Review of Building Momentum Public Service Agreement
New Public Service Pay Proposals
YOUR QUESTIONS ANSWERED
Last updated: 31st August 2022
On 30th August 2022, the Workplace Relations Commission (WRC) published proposals for a public service pay package aimed at resolving differences between public service unions and the Government. The WRC facilitated negotiations between public service unions and the Department of Public Expenditure and Reform (DPER) between May and June 2022 after the ICTU Public Services Committee (PSC) invoked a review clause in Building Momentum because of high and sustained inflation, which was not anticipated when the agreement was negotiated in late 2020.
The talks broke down on 17th June 2022 after union negotiators rejected a Government offer totalling 5% (on top of existing Building Momentum pay adjustments). Talks resumed on 29th August and the Government made an improved offer, which was further (though slightly) improved following negotiations, which ended in the early hours of 30th August. Later that day, the WRC published its proposals. The PSC met and agreed that individual unions should consult members and/or ballot on the proposals. The PSC will meet again on 7th October 2022 to make a collective decision on whether to reject or accept the package.
The package would make the following pay adjustments:
- 3% with effect from 2nd February 2022
- 2% with effect from 1st March 2023
- 1.5% or €750 a year (whichever is the greater) with effect from 1st October 2023. The €750 a year floor means those on lower incomes will receive a larger percentage increase than higher paid staff (see below).
Yes. The WRC-proposed increased would come on top of those paid and scheduled under the original Building Momentum agreement. These are:
- 1% or €500 a year (whichever is the greater) from 1st October 2021
- The equivalent of 1% increase through sectoral bargaining from 1st February 2022 (many public servants received this as a straight 1% payment – see ‘sectoral bargaining’ below)
- 1% or €500 a year (whichever is the greater) from 1st October 2022. Again, the €500 floor means those on lower incomes will receive a larger percentage increase than higher paid staff (see below).
In percentage terms, the package is worth an additional 6.5% between February 2022 and December 2023, on top of existing Building Momentum pay adjustments.
But the cash floor of €750 (in October 2023) means a higher percentage increase for workers who earn below €50,000. This includes special needs assistants, most clerical staff, and general operatives.
For example, the salary level of a person earning €25,000 a year would increase by 8% and the salary level of a person earning €37,500 would increase by 7%.
If the package is accepted, the first additional increase of 3% will be backdated to 2nd February 2022. This would appear in pay packets as a ‘lump sum’ back-payment after the agreement is ratified. This would likely be in November or December 2022.
While there are no additional non-pay elements in this specific package, the Government came to the negotiations promising that economy-wide cost-of-living supports would accompany any pay improvements. These are expected to come through the 2023 Budget announcement (scheduled for 27th September 2022) and the Labour-Employer Economic Forum (LEEF), which is Ireland’s main national forum for social dialogue between unions, employers and Government.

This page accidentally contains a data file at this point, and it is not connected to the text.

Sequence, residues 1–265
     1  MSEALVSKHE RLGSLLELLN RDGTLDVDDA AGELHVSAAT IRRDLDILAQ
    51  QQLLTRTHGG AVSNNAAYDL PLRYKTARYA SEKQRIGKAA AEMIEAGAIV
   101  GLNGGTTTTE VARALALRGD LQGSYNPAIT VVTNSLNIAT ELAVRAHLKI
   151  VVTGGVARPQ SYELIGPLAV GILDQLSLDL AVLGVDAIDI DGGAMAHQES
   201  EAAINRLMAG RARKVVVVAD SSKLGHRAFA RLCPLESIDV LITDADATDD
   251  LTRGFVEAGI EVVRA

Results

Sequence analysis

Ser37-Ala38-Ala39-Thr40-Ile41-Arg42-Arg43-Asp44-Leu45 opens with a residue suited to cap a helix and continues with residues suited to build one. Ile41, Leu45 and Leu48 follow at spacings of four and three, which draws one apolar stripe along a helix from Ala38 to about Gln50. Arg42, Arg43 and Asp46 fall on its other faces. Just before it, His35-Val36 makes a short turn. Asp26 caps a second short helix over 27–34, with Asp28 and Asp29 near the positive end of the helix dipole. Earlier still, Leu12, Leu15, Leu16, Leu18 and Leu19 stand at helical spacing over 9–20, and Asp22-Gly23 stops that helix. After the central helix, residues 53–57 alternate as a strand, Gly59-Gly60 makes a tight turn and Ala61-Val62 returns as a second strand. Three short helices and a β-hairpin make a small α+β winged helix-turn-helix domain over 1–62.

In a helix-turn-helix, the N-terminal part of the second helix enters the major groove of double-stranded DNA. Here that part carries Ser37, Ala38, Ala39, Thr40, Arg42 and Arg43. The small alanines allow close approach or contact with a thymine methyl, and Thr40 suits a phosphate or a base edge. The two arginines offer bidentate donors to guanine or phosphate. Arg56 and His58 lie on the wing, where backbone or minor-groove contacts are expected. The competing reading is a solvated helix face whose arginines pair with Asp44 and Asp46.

No. The ‘sectoral bargaining fund’ established under the original Building Momentum agreement is not affected by the WRC proposals. Groups of public servants that opted to use this 1% fund to address outstanding adjudications, recommendations, awards and claims relevant to specific grades, groups or categories of workers will continue to do so. Groups that opted to use the allocation as a straight 1% payment have either received it, or are due to receive it with effect from 1st February 2022.
The increases would apply to pensionable allowances.
If the proposed agreement is accepted, pay adjustments will be delivered through revised pay scales. Part-time workers and others who don’t work full-time hours will get pro-rata adjustments based on the number of hours they work.
The package would apply to workers currently covered by the Building Momentum agreement, including staff directly employed in the civil or public service, staff in ‘section 38’ agencies, and staff in non-commercial semi-State agencies.
Staff in ‘section 39’ and ‘section 56’ community and voluntary sector agencies are not covered as they are not directly employed by civil or public service employers.
Staff in commercial State agencies are not covered as they are not directly employed by civil or public service employers.
There are no additional productivity measures in the WRC-proposed package. It reaffirms the measures in the original Building Momentum agreement.
The package would extend the duration of Building Momentum by one year, so that it would expire on 31st December 2023. Unions would expect to be in negotiations on a successor agreement around the middle of next year.
Under public service agreements, increases in public service pay scales are generally reflected in public service pensions that are linked to pay scales. The PSC has written to the Minister for Public Expenditure and Reform seeking confirmation that, if accepted, this will apply to the WRC-proposed package in the usual way.
Individual ICTU-affiliated unions representing public servants are now consulting with their members and/or arranging ballots. The unions will meet again to take a collective decision on whether to accept or reject the package on Friday 7th October. Voting at that meeting will be weighted to reflect the number of public servants that each union represents.
The ICTU Public Services Committee (which represents most unions in the sector) has recommended that planned industrial action ballots be suspended while unions consult on the WRC package.